Edfu Temple

Edfu Temple
Edfu Temple

Over the centuries the Mediterranean basin has been occupied by various peoples and civilizations, but perhaps it was the Greeks and Romans whose imprint has been most marked throughout the area, so much so that even in one of the largest and most attractive civilizations such as the Egyptian people can appreciate the presence of these peoples. On this occasion we will analyze one of the Egyptian temples that were built in Hellenistic times,the temple of Edfu.


The construction works must have started in the first half of the 3rd century BC around the year 273 BC, during the reign of Ptolemy III, however its construction was greatly delayed in time and it was at the time of Ptolemy Philopator when the works of the first level were finished, in the reign of Ptolemy VII (142 BC) it was decorated but the temple was not completely finished until the year 57 BC. during the reign of Ptolemy XII.

Located on the western bank of the Nile River, the Edfu temple is one of the constructions that has come down to us in the best state of preservation and after the Karnak temple, this was one of the most outstanding temples of its time. The work was dedicated to the god Horus who the Greeks identified with their sun god, Apollo.

With its more than one hundred and thirty-seven meters in length, seventy-nine in width and thirty-six in height, the temple rose on theancient ruins of a previous building that apparently was also dedicated to Horus and of which we can still see some remains today in the eastern part of the building. The remains of a pylon with inscriptions that indicate that its construction must have been carried out during the time of the New Empire are still preserved from this primitive building.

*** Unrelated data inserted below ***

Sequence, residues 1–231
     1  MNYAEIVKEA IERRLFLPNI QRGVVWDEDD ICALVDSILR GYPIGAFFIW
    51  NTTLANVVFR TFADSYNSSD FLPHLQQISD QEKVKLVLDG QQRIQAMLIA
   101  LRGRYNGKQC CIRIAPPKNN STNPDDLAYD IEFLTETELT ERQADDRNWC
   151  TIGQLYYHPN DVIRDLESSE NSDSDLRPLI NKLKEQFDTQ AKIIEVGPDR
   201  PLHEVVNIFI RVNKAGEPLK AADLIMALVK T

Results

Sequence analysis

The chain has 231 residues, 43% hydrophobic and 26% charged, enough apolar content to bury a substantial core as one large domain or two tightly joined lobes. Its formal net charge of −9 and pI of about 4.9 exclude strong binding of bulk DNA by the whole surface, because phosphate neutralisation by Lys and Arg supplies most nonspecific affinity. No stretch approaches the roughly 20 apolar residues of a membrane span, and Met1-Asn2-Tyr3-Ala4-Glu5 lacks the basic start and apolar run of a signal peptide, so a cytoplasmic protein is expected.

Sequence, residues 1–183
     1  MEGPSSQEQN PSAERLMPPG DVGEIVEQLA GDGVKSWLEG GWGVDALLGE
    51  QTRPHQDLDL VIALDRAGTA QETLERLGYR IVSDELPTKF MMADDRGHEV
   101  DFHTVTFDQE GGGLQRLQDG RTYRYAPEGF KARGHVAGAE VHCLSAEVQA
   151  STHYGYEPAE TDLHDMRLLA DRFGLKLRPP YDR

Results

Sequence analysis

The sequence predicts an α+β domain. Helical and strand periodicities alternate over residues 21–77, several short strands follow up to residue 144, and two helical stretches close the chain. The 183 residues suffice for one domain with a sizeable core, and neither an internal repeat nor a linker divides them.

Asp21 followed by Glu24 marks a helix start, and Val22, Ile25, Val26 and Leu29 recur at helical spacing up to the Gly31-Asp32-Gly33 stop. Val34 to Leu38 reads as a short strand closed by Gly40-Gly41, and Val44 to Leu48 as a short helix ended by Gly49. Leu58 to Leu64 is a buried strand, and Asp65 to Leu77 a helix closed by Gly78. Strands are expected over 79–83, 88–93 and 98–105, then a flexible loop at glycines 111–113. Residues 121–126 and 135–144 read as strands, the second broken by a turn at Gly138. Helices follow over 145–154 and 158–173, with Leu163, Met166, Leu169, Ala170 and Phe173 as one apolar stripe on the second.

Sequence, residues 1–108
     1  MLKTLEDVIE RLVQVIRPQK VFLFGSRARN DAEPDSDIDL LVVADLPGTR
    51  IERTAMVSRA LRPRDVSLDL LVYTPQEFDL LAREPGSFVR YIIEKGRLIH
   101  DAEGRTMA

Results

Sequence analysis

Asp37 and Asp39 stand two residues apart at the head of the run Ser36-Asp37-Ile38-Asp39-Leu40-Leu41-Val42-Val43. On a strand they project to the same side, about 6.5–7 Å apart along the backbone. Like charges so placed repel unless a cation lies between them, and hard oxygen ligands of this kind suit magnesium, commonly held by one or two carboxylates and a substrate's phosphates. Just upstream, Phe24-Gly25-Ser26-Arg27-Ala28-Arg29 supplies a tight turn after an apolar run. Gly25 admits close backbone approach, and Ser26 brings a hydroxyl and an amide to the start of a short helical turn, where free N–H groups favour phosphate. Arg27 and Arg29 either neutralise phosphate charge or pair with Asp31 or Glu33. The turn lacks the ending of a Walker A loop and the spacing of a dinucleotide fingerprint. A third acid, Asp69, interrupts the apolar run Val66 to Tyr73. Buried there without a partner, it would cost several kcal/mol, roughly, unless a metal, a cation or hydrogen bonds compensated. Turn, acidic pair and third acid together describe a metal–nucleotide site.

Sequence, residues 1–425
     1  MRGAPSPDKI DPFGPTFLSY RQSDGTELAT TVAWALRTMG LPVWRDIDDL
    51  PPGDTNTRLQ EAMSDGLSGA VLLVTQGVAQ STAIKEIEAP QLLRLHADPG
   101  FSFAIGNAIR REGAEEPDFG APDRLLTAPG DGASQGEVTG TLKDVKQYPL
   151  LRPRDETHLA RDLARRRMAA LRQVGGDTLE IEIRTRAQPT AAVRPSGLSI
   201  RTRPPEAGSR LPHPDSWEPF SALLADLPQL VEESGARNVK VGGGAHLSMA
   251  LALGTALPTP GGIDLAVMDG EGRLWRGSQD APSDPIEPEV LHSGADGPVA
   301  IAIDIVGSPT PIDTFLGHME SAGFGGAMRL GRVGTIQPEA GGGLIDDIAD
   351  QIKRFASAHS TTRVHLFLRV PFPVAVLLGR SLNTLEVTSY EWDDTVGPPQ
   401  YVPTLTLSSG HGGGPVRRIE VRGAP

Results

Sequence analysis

The temple of Edfu presents the most typical structure of the Egyptian temples, that is some access pylons, a patio, hypostyle halls and already in an interior area the central chamber, an offering room and a sanctuary. Special attention deserves the intricate lighting system of the temple, a gradual system that gradually darkens with increasingly darker rooms until reaching total darkness in the central room. The pylons also feature lighting through small slots in the walls that illuminate the interior rooms.

Edfu is not only original for its architectural composition, inside the temple we can find multiple reliefs that offer us information about the Egyptian religion, customs or traditions.

When at the end of the fourth century in the year 391 A.D. Theodosius I forbade the worship of any religion except Christianity, the temple ceased to be used and inside it you can still see some of the damage caused by the bonfires in which multiple statues were burned. Over the years the temple was left under the sands of the desert until in the 19th century it was recoveredgradually.

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